Friendships enrich our lives with companionship, support and love. The wrong friends bring us down, though, and affect our physical, emotional and mental health and wellbeing. Because friends are crucial, here are a few ways you can cultivate better quality friendships.
Choose friends wisely.
Look for friends who share your interests, balance your personality and uplift you. And remember that it is okay and healthy to break off friendships with people who are toxic or no longer involved in your life.
Make time to connect.
Quality friendships require intentional relationship building, which takes time. So, be available for your friends and participate in their lives. Send and reply to texts, schedule face-to-face meetings, and plan fun outings. Also, meet their families, celebrate important events like birthdays and learn about their interests.
Maintain your own standards.
Commit to being who you genuinely are. Real friends will like, accept and enjoy the real you. And you can expect the same authenticity in return as you commit to building quality friendships that last.
Practice trusting behaviors.
True friendship means you have each other’s backs. So, choose friends and become a friend who practices trusting behaviors like dependability, responsibility and integrity. For example, keep your word and refuse to lie to or about your friends. Likewise, defend friends when they’re criticized. And protect secrets and resist sharing or listening to gossip.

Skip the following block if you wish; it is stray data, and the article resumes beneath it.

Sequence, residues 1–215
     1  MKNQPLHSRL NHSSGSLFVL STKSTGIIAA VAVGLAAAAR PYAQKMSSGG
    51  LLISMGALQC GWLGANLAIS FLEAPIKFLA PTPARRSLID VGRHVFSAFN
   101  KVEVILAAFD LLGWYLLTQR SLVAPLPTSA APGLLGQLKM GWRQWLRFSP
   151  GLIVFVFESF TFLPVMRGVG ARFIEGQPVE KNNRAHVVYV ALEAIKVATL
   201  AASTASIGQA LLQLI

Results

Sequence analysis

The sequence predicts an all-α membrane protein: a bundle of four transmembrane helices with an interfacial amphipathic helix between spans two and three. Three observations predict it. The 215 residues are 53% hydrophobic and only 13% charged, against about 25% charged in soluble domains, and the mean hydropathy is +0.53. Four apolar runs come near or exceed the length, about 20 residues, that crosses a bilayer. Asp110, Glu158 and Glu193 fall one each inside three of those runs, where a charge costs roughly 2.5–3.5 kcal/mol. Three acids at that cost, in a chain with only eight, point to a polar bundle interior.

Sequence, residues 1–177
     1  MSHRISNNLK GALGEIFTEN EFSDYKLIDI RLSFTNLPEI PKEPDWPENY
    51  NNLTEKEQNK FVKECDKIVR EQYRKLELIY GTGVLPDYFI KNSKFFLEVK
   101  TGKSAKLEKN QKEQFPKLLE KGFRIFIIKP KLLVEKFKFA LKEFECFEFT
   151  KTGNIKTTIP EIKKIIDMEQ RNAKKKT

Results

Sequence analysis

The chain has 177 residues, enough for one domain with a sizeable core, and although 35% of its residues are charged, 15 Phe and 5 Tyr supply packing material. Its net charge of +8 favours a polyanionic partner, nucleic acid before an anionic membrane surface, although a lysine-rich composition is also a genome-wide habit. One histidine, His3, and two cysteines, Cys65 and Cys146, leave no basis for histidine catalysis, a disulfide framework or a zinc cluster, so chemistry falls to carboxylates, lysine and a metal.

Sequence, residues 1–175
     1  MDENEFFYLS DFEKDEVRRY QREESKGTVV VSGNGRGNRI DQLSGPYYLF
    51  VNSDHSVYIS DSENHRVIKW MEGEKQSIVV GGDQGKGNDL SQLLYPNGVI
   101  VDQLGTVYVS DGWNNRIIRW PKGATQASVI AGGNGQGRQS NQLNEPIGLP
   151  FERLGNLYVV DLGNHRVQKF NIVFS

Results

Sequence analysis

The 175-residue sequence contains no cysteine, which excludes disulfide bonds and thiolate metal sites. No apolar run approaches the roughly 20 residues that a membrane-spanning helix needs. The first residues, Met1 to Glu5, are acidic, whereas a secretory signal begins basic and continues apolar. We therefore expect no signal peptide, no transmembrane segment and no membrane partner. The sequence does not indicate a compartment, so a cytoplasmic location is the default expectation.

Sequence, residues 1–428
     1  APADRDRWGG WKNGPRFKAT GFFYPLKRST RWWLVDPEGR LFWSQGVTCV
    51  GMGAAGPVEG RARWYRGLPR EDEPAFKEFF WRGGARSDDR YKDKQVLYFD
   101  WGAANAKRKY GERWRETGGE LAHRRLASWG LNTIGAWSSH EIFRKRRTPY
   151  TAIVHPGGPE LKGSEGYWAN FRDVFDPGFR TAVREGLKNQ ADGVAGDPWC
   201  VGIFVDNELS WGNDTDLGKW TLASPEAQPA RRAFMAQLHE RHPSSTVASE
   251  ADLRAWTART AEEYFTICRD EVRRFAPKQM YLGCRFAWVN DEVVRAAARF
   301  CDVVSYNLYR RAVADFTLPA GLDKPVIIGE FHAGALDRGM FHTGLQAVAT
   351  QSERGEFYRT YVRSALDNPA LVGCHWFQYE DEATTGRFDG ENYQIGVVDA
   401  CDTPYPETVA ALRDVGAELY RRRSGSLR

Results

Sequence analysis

It’s easy to do all the talking when you are excited about a topic or need to process a challenge. But also give your friends time to talk. Then, listen carefully. Pay attention to their words and body language, and reply after they finish sharing.
Give and receive help.
Asking for help and sharing deep feelings requires vulnerability. These features are essential in quality friendships, so become willing to give and receive support and help.
Friendship can help you grow as a person if you can share feedback. For example, a true friend will point out the lettuce in your teeth before you leave the table. Likewise, quality friendships allow both parties to discuss hurtful comments or problematic behavior patterns.
Set and respect boundaries.
Like all healthy relationships, quality friendships require guidelines about how you will treat each other. That means you may need to set limits on the topics you discuss or the hours you’re available. Also, agree not to use your friendship as free therapy. These and other boundaries help you create a mutually satisfying, nurturing and emotionally healthy relationship.
Resolve conflict maturely.
Every friendship will experience conflicts and disagreements. Instead of nurturing resentment and unforgiveness, talk to each other in a respectful, mature manner. Share your perspective using “I feel, want, need, see” statements. Also, be willing to apologize. Seek to resolve the conflict without guilt, shame or emotional blackmail as you build a deeper connection.
To have better quality friendships, be a good friend. Treat people the way you want to be treated, and you’ll attract the quality friends you deserve, desire and need.